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Sport for Success – Professional Achievement and Sport

“If you can give women the boost you get from having done sport, having been really successful at that, I think that can be really, really helpful”.  Research participant

Executive Summary

The health benefits of leading an active lifestyle are widely known and researched but – until now – there has been little research into the socio-economic benefits of taking part in sport and physical activity.

This research reaffirms how playing sport can help to develop skills and qualities valuable for women’s personal progression. Sport for Success also highlights how the workplace can benefit from the increased effectiveness of female staff who play sport.

Report Contents:

  • Exploring being active and personal progression.
  • Playing sport and skill development.
  • Team working.
  • Strengthening personal motivation.
  • Managing stress and pressure.
  • Harnessing the benefits of women playing sport at work.

KEY FINDINGS

  • Women who play sport have higher levels of educational qualifications and confidence.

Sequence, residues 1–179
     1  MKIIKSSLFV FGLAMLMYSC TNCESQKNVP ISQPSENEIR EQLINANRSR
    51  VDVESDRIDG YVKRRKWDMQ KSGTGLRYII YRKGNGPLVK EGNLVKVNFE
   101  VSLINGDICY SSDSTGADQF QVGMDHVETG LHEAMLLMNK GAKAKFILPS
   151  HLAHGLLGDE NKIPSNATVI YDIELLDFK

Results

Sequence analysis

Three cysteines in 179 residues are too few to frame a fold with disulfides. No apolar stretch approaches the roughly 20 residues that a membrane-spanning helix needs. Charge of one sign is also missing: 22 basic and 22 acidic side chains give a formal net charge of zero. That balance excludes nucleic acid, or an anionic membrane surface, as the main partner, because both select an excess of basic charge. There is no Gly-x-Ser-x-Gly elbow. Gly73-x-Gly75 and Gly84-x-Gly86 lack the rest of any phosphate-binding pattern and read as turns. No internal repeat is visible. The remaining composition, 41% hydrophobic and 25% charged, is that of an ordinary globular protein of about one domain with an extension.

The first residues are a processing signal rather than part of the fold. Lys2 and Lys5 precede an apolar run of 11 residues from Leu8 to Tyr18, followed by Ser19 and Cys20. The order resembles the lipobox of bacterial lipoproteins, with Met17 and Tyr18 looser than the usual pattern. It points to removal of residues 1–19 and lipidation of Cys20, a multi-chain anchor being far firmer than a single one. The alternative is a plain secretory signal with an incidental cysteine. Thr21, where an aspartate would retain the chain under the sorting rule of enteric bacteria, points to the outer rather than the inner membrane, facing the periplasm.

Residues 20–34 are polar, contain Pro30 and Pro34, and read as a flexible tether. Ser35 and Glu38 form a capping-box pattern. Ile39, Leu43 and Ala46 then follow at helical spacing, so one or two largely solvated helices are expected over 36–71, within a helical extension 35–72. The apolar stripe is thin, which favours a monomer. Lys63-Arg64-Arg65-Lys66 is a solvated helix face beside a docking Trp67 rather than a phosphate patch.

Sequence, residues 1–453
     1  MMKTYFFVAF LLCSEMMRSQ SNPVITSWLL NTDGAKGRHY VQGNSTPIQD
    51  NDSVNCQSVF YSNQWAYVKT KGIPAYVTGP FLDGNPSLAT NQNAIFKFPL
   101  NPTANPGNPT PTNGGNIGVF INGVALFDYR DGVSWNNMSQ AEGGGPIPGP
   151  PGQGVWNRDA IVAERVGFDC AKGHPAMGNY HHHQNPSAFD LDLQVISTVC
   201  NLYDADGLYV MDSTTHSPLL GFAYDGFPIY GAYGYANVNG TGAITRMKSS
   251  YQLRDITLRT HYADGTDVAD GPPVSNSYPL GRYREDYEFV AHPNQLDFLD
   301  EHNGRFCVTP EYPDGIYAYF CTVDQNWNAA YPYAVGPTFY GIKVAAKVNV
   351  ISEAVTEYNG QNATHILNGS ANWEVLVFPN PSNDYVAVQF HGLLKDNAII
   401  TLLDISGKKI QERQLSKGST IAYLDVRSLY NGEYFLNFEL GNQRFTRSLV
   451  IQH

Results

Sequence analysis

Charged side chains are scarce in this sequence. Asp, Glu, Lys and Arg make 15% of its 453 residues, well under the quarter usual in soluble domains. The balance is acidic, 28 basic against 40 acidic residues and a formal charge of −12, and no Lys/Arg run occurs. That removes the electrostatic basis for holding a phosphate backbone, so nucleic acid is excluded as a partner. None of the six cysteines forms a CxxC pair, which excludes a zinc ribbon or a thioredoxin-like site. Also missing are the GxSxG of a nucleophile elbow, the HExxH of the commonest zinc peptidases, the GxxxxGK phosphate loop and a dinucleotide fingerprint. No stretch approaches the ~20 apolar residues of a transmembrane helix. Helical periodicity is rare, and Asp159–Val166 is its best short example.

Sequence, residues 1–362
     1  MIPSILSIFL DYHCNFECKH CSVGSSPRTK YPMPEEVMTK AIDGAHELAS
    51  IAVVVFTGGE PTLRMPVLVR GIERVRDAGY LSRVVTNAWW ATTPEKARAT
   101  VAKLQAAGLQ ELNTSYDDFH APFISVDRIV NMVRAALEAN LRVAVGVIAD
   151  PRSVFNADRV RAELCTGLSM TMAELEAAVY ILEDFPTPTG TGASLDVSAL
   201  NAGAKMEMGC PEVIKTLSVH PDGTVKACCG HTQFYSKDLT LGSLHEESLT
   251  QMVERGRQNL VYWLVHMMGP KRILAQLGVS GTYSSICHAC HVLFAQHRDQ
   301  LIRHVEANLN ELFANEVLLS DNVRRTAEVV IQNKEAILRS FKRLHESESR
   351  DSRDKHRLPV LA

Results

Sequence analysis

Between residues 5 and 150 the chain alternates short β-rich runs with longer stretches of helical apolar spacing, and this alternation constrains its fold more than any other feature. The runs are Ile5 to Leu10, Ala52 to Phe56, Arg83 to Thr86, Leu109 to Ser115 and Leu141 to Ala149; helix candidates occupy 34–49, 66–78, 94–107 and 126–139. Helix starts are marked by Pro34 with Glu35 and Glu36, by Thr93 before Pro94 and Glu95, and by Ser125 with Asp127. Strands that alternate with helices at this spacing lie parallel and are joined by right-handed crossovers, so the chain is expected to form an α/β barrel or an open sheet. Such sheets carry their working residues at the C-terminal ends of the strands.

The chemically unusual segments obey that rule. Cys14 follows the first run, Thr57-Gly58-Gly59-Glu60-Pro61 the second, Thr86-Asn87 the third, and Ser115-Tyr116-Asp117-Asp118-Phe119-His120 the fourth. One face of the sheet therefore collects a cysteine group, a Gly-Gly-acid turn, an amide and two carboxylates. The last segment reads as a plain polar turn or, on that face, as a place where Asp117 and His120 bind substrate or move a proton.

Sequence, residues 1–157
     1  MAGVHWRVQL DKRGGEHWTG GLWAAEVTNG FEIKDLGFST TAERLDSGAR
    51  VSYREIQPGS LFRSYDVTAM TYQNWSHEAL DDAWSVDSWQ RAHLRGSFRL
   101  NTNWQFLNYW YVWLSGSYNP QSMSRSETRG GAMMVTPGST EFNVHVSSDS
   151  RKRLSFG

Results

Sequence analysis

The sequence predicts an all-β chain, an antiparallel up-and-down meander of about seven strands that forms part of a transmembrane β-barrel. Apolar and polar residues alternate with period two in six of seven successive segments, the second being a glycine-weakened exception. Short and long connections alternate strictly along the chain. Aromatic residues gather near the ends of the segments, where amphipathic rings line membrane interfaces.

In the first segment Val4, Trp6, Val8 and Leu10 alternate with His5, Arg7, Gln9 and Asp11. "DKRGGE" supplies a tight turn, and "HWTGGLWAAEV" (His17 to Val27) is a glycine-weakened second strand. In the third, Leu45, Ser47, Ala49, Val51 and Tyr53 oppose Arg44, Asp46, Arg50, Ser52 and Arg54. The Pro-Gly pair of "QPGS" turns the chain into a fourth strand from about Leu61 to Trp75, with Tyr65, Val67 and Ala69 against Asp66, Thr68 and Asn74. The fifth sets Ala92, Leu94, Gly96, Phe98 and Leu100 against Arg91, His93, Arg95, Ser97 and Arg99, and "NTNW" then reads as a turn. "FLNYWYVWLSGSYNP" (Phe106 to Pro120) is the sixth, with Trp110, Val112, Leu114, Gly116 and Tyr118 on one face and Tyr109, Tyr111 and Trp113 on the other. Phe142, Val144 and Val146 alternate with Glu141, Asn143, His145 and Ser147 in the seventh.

• Women aged 16-24 who engage in sport at least once a week are significantly more likely to be in a management role than those who do not play any sport.
  • Women who play regular sport are more motivated to achieve long term goals.
  • Potential employers find being active an attractive trait in potential employees.
  • Playing sport can help develop certain skills that can lead to successful careers:
    • Growing confidence
    • Self-belief
    • Taking on challenges
    • Integrity
    • Assertiveness
    • Effective communication
    • Commitment to goals
  • Participation in sport has a very valuable role to play in helping women to perform at their best in their studies and at the workplace.
  • The experience of taking part in sport can help to develop skills and qualities valuable for personal progression, whether academic or professional.
  • Skills learnt include those which are known to be particularly useful in leadership and often in areas where women are thought to struggle.
  • Workplaces can gain from the increased effectiveness of their female staff who are active. This has further implications at a macro level; with higher performing organisations, the wider economy also benefits.

KEY PARTNERS

RECOMMENDED LINKS AND RESOURCES

  1. The impact of Engagement in Sport on Graduate Employability. (2013). Sport Industry Research Centre. Sheffield Hallam University.
  2. The link between pupil health and wellbeing and attainment. (2014). Public Health England.
  3. Where will you find your next leader? (2015). EY & espnW.
  4. Women in Sport (2017). Beyond 30%: Female Leadership in Sport.
  5. Women in Sport (2015). Trophy Women? No More Board Games.